Last Friday at Beer O’Clock, we saw some awesome visualization of data done by Andrew Caudwell, a colleague of mine. I talked to him for a bit later in the evening and learned that he did not only create Gource with which you can visualize activity on git for example, but alos Logstalgia. With Logstalgia you can visualize website access logs.

That got me excited because for some of our busy servers it would be great to show the actual activity. As I don’t have access to any of our servers myself, I asked another colleague to give me all access logs for one of our sites. I thought I can just plug the log files in and let Logstalgia do its magic. Afraid not.

The log file lines looked like the following and apparently, Logstalgia doesn’t like the part in bold. p: 4580 t: 0 – – [08/Jul/2012:06:25:14 +1200] “GET /group/view.php?id=5734 HTTP/1.1” 200 348 “-” “Wotbox/2.01 (+”

The bad thing is that the values after p and t are different for each line. Now I could go through each line in the access log files (some are over 200 MB large text files), or do it a bit smarter. My text editor Geany can parse POSIX regex, but regex is a book with 1,000 seals to me. Chris Cormack, another colleague of mine whom I can ask anything and always get an answer and learn from him, provided me with the syntax for the POSIX regex and also explained the syntax which I understood much better than on a page on the Internet.

However, the programmer in him said: “I could write you a Perl one liner. 2 secs.” The result was:

cat logfile | perl -e ‘while ($inp=<STDIN>){$inp=~ s/p: \d+ t: \d+//; print $inp;}’ > newlogfile

The advantage of using Chris’ script is that it only takes a second to find all instances of the expression that needs replacing and take them out of the file. It would take minutes if I opened the files in an editor and used the Find & Replace functionality.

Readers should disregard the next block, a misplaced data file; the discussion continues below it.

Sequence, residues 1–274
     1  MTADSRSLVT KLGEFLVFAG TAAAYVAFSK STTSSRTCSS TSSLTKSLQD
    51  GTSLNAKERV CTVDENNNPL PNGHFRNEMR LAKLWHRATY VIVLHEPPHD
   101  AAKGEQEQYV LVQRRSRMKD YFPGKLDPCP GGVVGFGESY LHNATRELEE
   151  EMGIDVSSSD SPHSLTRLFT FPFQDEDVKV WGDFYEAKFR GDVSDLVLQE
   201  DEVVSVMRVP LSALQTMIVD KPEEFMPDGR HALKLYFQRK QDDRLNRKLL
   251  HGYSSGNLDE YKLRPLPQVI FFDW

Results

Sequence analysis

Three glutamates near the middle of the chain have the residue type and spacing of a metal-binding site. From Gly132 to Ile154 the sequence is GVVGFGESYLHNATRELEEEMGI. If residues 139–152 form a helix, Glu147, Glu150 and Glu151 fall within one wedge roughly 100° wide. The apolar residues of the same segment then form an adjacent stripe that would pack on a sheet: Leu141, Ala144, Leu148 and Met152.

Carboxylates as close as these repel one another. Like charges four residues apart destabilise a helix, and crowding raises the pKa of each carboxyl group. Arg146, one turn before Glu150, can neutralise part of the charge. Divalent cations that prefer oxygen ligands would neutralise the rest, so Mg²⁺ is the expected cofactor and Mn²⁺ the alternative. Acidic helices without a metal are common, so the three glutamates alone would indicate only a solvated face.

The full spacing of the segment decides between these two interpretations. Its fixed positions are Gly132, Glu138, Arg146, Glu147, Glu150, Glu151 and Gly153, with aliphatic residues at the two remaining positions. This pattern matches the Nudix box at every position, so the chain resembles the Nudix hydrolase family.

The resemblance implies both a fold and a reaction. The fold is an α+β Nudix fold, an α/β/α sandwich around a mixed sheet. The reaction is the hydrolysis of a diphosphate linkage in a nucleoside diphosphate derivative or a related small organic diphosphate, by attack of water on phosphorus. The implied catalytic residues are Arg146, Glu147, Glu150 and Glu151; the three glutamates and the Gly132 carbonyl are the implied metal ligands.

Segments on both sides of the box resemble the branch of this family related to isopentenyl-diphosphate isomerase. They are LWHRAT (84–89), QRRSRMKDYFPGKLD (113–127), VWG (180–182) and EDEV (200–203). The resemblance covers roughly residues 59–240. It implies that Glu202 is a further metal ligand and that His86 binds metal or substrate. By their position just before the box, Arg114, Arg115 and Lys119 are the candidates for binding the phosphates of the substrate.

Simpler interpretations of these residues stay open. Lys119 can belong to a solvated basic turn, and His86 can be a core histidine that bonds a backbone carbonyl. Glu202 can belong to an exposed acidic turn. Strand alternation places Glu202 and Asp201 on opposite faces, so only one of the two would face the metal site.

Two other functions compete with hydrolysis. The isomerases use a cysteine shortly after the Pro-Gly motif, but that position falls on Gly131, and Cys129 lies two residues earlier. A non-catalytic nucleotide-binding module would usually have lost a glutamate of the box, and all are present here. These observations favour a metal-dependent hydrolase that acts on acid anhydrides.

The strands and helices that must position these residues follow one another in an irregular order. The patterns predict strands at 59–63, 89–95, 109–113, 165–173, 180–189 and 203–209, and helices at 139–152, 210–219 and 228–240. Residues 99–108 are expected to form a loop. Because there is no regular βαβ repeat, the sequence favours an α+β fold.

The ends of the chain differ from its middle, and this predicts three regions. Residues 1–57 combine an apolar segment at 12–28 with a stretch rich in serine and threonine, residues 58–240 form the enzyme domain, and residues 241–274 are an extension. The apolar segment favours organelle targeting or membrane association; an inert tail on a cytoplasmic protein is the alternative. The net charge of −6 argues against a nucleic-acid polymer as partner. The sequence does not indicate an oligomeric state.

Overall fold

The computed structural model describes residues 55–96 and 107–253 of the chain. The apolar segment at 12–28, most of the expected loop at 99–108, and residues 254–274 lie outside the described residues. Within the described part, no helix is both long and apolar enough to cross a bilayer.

Update: The script can even be shorter. That’s what happens when 3 Perl developers are in an IRC channel. 🙂 Chris Hall, yet another colleague, shortened it to:

cat logfile | perl -pe ‘ s/p: \d+ t: \d+//’ > newlogfile

Now all I need to find is an interesting bit in the access log or a day and then I’m ready to create a visualization. Stay tuned for the result.

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5 thoughts on ““Replace all” in 2 seconds flat

  1. Even shorter!

    perl -i .bak -pe ‘s/p: \d+ t: \d+//’

    (-i .bak means “change the file in place, but create a backup with a .bak extension first”)

  2. Here’s another handy one-liner for you:

    perl -e ‘length q caller vec and print chr oct ord q qx eq and print chr ord q ref or and print chr ord q or no and print chr ord q else and print chr ord qq q q and print chr ord q tie gt and print chr ord qw q sin q and print chr ord q q eq and print chr ord qw q sin q and print chr ord q sin s and print chr ord q cmp lc and print chr ord q split s and print chr ord qw q lc q and print chr ord q ne sin and print chr hex length q q bless localtime ref q and print chr hex chr ord uc q each package’

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